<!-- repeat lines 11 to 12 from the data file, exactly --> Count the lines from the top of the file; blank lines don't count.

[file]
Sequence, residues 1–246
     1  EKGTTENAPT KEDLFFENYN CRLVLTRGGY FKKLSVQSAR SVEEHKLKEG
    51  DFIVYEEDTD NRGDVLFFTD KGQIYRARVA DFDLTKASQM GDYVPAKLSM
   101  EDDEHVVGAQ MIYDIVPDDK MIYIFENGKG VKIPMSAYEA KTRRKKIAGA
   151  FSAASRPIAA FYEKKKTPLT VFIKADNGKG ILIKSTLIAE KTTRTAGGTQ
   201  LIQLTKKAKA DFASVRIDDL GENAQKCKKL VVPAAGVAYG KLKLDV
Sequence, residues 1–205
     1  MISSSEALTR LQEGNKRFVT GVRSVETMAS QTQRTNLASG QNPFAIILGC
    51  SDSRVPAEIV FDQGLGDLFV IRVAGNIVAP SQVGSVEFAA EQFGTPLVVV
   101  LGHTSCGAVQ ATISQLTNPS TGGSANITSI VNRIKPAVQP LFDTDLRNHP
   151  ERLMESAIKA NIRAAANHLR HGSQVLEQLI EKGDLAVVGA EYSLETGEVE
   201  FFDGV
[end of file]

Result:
   151  ERLMESAIKA NIRAAANHLR HGSQVLEQLI EKGDLAVVGA EYSLETGEVE
   201  FFDGV